Along with these players Leonard Johnson, who has had a rough season, had the biggest play of the game. It came at the end of the first half where the Lions were driving with the ball, looking to extend their lead. Johnson undercut a screen pass and ran it the distance for the touchdown, sending the Bucs to the locker room with the lead. Johnson ended the game with seven tackles, two pass breakups, and the interception.

Mark Barron, who was the best defensive back in the game after Revis was injured, had some trouble with penalties. His first came on a very questionable roughing the passer call, and the next came on a defensive pass interference that resulted in a Lion first down. He then had a neutral zone infraction and a defensive holding call. Barron finished the game with seven tackles.

Matt Stafford finished with nearly 300 yards, but due to the playmaking of the defense, had just a 61.6 quarterback rating. With all the injuries on defense, going up against an offense with the likes of Calvin Johnson and Reggie Bush, the secondary couldn’t have played much better.

For the second consecutive week the Bucs blocked a punt, but that is where the positives stop. Eric Page did have a couple nice returns, but one of which was almost disastrous when he fumbled the ball away, luckily it was recovered by Tampa Bay. Page also decided to field a punt inside the five-yard line, which could have been extremely costly in the field position game, but luckily Glennon hit Underwood for an 85-yard touchdown on the drive.

The Bucs also gave up another big return due to poor coverage, which has become somewhat of a habit the last few games. But the poorest special teams performance came from the kicker Rian Lindell who missed two field goals, one from 35 yards and the other from 50. These missed field goals should have resulted in the Lions being able to tie or win the game, but luckily the defense came through and saved the day again.

Last modified on Monday, 25 November 2013 15:09

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  • avatar

    Thing I am worried about is it took 5 turnovers and a blocked punt to beat a mediocre Detroit team by 3. It was a nice win, yes, but when your offense only scores 17 points against a mediocre defense, I am just not sold yet. Defensively, really love the heart those guys played with. David/McCoy have to go to the pro bowl, and to me, both are All-Pros.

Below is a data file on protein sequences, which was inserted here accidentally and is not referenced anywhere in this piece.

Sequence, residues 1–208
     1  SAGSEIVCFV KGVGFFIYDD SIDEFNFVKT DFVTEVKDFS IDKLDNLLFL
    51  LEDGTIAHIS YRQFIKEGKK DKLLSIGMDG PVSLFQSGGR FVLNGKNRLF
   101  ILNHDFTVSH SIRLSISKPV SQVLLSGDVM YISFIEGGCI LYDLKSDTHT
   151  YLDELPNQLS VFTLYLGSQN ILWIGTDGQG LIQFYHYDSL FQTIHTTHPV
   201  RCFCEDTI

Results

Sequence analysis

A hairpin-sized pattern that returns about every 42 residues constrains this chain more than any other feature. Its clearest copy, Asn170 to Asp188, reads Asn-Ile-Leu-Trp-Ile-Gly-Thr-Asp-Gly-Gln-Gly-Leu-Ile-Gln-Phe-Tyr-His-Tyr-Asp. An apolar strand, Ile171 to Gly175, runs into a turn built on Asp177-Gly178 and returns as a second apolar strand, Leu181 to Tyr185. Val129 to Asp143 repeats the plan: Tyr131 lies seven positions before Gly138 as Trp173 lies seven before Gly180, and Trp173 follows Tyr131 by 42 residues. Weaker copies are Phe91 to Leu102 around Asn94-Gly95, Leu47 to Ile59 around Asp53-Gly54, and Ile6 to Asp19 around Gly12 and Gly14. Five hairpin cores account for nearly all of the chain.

• avatar

    Usually when a play works as well as the pitchout to the left side did, you see if they can stop it, by running it again. Penalty called it back and OC doesn't bring it back later??? Never have been sold on this guy's play calls. We had an interception in the red zone and we run the ball on first down?? Most coaches say that's when you go to end zone on the first play before they have time to get over the shock. Oh well love the play of the players and the outcome.
  • avatar

    The competition between Megatron (Johnson) & Optimus Prime (Revis) was excellent until Optimus stripped a gear & couldn't go! Haley, you refer to "quarterback rating" when I believe you mean "passer rating" as opposed to QBR (the latter "quarterback rating" is based on a scale of 0-100). I agree with EastEndBoy (as usual) regarding the running game. As I recall, there was only 1 run to the outside, which went for a big gain but called back because of ANOTHER holding penalty. Statistically, Glennon is tearing up the track compared to other rookie (& most 2nd year) QBs. What I really want to see is Glennon march the teaM down the field to victory with less than 2 minutes left (the one thing Freeman was pretty good at). Hopefully, he will get the chance at least once before the season is over. I've been soooo critical of the GM all year, but gotta give him credit & props for coming up with "no name" free agents who have made this team competitive for the past 4 games. Glad to see Clayborn doing well...too bad Bowers has been a bust. Hopefully, next year, the Bucs get a good DE to compliment Clayborn.